• For success trust between the employee and management is necessary. Compensation System: • Managing change through people behaviour is possible when the desired behaviour is appropriately rewarded. Rewards should have the following characters: o Clarity and specification (expected performance and work behaviours) o Immediacy (delayed rewards lose values) o Magnitude (commensurate) o Individuality (personalization. Financial rewards and financial health are tied up. Dealing with negative emotions: • Some employees may have negative emotions towards the intended change. Employees are also given to understand how much they contribute to. These negative emotions must be understood to successfully handle. • • 7. Some of the ways to do this are: o Empathy o Modeling o Shock therapy o Mentoring o Manipulation o Employee counseling • • . how much they cost to the company. Organisations should create a meaningful reward system. not all rewards are same) • • • • • The major demotivators are perceived unfairness in dispensing rewards. Rewards are effective when a certain ‘value’ is built into the rewards – a value which is a part of the performance rather than a pretension. Types of rewards − Power rewards (higher responsibilities) − Pay for performance − Pay for knowledge and skill • 8. Rewards are financial and non-financial.

Cross Training: • • Training is provision of information and skills. Emphasis on action learning in implementing change: • • • Learning occurs with actions. a new job contract is necessary to be made which aligns with overall corporate strategy which the employee must understand and agree after discussions with the management. • • • • • • 2. starts. Tasks or activities are the basis for learning Action learning leads to continuous improvement and performance of self leading to overall improvement of the organisation. wherein an employee can switch periodically from one job to another. no actions without learning. The psychological contract has two dimensions: the personal goals of a human being and the organisational goals. Cross training provides a flexible force and flexible factory. Clarifying Contractual Obligations: • • Change benefits the organisation. Therefore. change benefits the employee. accepts supportive criticism for improvements • • 3. • • • . constantans improves actions. Tohat are the factors for change under conation? 1. Now. Such skills can come by cross training.e) Managing change: The Conative Dimension: • Resistance to change occurs due to unwillingness to deviate from habitual behaviours or from reluctance to acquire new skills and behaviours. Employees today should be enabled to perform a variety of tasks rather than a few limited jobs. Where the employee accepts his job duties and responsibilities. there is a mutuality of interest. Action learning is a social process. a new role relationship. Cross training facilitates job rotation. solves task related problems. Mutuality is the basis for the release of human energy for effective change management. For every employee there is a psychological contract with the organisation – may be explicit or implicit. too. Job activities and responsibilities have to redefine due to the change management and changes in the job design and performance.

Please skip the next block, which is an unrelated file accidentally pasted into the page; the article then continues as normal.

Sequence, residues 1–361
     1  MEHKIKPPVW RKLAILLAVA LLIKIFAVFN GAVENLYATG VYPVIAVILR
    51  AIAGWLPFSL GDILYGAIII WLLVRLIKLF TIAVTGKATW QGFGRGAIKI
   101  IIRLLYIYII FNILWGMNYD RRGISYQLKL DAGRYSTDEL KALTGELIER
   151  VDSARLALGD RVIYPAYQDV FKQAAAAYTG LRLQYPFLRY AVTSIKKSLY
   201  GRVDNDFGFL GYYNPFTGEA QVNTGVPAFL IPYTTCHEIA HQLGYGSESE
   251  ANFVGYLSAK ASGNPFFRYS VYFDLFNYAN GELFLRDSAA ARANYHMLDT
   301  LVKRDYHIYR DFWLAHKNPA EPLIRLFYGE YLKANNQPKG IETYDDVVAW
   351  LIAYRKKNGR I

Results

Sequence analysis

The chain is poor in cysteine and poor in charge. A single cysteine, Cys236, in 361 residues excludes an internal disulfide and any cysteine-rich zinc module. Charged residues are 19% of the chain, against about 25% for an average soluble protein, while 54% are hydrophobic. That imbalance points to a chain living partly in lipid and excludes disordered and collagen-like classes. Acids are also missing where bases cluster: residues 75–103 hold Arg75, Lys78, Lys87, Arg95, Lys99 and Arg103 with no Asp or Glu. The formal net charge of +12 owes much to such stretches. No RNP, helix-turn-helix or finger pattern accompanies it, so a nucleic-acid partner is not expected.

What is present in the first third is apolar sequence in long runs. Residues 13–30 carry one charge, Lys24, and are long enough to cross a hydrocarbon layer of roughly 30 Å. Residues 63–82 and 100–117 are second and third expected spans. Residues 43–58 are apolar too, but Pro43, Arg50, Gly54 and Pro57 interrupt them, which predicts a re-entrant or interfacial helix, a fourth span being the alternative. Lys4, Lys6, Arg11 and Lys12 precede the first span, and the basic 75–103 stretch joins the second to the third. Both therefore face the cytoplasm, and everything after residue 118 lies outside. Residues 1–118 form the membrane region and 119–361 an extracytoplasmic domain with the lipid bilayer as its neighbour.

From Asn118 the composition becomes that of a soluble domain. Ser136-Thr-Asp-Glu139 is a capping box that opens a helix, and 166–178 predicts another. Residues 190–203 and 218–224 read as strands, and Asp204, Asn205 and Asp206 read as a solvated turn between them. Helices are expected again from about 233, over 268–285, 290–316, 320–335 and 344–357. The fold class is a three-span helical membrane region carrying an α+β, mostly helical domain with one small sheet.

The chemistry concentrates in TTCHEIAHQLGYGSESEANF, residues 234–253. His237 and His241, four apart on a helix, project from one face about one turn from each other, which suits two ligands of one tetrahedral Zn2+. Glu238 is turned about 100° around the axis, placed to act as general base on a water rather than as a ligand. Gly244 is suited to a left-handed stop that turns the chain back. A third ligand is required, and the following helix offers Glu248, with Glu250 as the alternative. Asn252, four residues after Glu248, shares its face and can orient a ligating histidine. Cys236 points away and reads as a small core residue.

there should be the necessary support structure. Cross training can be across different functional areas like finance and marketing. Any kind of mental stretching should be done gradually by exposing one to changes of graded difficulties. modify and develop are important. Success of cross functional training depends upon employee willingness to learn new skills on the job. etc. Cross trained employees tend to be amenable to and willing for organisational change initiatives since a number of skills have already been built into their behavioural repertoire. An employee’s career path need not be limited to vertical mobility. It could also be diagonal. • • Supporting climate – learning environment: . • • • • 5. the way they adapt. o The people in the organisation structure. and activities together form the organisation structure which supports the organisation. • • • • • Positive attitudes to such training is built if employees are rewarded for acquiring new skills.• With this the employee brings a fresh perspective to each job in addition to what has learnt already. systems. 4. Create the right climate for optimizing employee performance: • To create the right climate for employees to take an active interest in the change process and achieve the intended results. thus slowly stepping up one’s self confidence. Stretching employee potential facilitates change management. a learning environment within the organisation and the free sharing of information. It also solves the shortage of manpower. Within the limits of ‘mental elasticity’ human capabilities at work could be stretched to the optimum to meet the global business competition. Employee elasticity: Stretching the Potential: • • Good HR stretch employees to the maximum of their potential ability to work. Supportive climate – Organisational design: o Organisational processes. Some techniques in stretching limits manage change are: o Sensitivity training o Participative management o Behavioural modification o Job rotation o Cross training o Role play.